The Arch-Traitor’s Lament
Text, $27.50 pb, 308 pp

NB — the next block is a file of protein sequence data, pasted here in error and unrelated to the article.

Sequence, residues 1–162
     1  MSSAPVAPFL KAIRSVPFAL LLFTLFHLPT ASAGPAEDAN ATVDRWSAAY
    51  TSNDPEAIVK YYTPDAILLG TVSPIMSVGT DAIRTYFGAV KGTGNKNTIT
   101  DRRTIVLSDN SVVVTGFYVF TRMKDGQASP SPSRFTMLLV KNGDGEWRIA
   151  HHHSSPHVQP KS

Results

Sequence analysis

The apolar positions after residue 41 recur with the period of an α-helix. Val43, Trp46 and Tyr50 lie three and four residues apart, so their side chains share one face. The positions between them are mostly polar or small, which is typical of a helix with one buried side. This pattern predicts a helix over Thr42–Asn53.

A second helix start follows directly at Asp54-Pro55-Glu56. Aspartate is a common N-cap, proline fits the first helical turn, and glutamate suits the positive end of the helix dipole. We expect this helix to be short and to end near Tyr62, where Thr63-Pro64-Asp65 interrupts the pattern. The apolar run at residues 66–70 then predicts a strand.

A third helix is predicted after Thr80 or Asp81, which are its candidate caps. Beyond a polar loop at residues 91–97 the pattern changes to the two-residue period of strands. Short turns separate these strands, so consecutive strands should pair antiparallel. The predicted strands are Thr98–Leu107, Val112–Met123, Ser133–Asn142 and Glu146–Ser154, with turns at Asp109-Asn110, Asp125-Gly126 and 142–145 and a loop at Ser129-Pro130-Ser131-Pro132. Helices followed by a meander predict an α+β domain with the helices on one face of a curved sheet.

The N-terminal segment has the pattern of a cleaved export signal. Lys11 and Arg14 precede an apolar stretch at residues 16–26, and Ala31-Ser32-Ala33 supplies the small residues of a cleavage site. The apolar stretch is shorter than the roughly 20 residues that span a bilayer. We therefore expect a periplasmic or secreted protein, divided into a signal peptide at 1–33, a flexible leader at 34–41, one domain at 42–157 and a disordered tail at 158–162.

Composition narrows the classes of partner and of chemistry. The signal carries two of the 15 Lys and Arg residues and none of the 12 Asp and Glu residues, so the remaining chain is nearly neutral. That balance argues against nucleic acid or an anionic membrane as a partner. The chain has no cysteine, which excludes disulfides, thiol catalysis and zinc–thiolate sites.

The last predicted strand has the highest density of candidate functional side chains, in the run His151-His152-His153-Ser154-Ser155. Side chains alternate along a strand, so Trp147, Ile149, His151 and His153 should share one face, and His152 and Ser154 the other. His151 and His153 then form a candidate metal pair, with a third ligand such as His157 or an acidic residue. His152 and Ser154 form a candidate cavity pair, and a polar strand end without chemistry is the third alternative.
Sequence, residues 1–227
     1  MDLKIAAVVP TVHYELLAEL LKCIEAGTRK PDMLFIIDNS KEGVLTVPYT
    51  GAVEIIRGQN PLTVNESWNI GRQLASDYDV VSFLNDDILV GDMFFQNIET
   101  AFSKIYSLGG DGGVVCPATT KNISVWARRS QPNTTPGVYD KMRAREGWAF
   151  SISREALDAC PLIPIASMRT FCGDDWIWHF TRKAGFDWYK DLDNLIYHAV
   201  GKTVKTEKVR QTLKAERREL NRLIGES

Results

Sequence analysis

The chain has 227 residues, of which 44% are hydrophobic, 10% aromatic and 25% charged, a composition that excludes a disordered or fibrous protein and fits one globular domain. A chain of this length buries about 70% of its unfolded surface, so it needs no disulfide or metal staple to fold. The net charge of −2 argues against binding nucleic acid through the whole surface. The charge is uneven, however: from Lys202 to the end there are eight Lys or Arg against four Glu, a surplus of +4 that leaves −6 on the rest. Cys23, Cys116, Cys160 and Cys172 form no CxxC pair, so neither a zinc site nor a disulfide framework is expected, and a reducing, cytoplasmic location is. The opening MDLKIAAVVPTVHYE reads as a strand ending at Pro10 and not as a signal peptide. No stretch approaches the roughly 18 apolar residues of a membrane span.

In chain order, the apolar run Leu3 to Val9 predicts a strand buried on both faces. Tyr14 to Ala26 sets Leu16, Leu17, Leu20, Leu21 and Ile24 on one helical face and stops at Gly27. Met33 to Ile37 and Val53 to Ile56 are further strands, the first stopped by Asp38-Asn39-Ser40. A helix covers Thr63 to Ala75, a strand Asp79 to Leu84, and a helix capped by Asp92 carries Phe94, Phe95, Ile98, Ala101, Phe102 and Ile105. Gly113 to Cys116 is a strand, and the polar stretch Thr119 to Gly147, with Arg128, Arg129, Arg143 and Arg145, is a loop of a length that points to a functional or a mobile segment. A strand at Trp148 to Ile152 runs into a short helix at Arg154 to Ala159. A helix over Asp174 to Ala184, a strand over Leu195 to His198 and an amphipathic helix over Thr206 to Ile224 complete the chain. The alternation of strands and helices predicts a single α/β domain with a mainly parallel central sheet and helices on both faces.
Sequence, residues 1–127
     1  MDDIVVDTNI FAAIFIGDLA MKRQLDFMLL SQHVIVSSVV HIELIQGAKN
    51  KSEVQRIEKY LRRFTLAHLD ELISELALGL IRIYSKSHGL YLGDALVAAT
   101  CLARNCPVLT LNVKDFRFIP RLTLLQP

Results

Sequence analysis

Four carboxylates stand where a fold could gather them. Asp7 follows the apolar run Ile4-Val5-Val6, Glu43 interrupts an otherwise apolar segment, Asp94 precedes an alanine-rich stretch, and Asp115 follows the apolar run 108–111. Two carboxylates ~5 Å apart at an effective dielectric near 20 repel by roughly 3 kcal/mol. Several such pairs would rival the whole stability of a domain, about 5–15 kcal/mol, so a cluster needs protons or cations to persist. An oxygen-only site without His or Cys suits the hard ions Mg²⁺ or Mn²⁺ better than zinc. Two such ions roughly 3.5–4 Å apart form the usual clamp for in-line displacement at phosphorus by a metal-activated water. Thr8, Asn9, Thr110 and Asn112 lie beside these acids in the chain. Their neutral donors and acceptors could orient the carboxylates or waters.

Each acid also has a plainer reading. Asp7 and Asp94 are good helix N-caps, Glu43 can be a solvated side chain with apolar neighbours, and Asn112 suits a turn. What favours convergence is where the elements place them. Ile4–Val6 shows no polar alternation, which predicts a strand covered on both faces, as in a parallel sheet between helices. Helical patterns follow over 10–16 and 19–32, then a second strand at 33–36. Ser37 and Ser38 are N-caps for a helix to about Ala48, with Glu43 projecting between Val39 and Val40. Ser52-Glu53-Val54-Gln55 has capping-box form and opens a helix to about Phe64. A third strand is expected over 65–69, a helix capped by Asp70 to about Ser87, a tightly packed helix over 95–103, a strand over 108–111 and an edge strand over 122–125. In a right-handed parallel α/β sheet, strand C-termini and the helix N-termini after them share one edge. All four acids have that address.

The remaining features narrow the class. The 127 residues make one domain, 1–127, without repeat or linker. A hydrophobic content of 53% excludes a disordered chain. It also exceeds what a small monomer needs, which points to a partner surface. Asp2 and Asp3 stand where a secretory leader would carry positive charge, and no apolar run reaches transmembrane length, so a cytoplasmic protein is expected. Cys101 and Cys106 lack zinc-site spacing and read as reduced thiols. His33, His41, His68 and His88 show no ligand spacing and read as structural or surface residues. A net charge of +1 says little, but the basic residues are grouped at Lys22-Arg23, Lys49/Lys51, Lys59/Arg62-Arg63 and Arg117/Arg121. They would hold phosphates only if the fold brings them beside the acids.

The note from Text’s publicist read: ‘Hope you enjoy this.’ I did. I did. (I read it twice.) The note continued: ‘There’s no other Australian novel quite like it.’ I couldn’t quite bring myself to agree with that. Garry Satherley’s (as in ‘satherley buster’, no doubt) first novel suggests, to my perhaps over-convoluted consciousness, Murray Bail’s Homesickness, Anthony Macris’ Capital: Volume 1, Glenda Adams’ Dancing on Coral and, drawing a long bow, Henry Handel Richardson. I will let Text Publishing and anyone else interested chase up the resemblances, which are casual rather than causal. That The Arch-Traitor’s Lament more pertinently suggested to me Czech novelists such as Josef Škvorecký and Ivan Klíma, for example, was a different matter, they not being Australian, and they have earned their right to their political fictions on the decks of those two dreadnoughts, hardship and censorship. That was my grumpy not-quite-convinced first reading. My second reading convinced me that Satherley was doing something quite different from the Iron Curtain callers. He was writing an Australian novel (well, he was born in New Zealand, but we are masters of ethnic appropriation across the Tasman) with European facts and fictions as pan of its subject matter.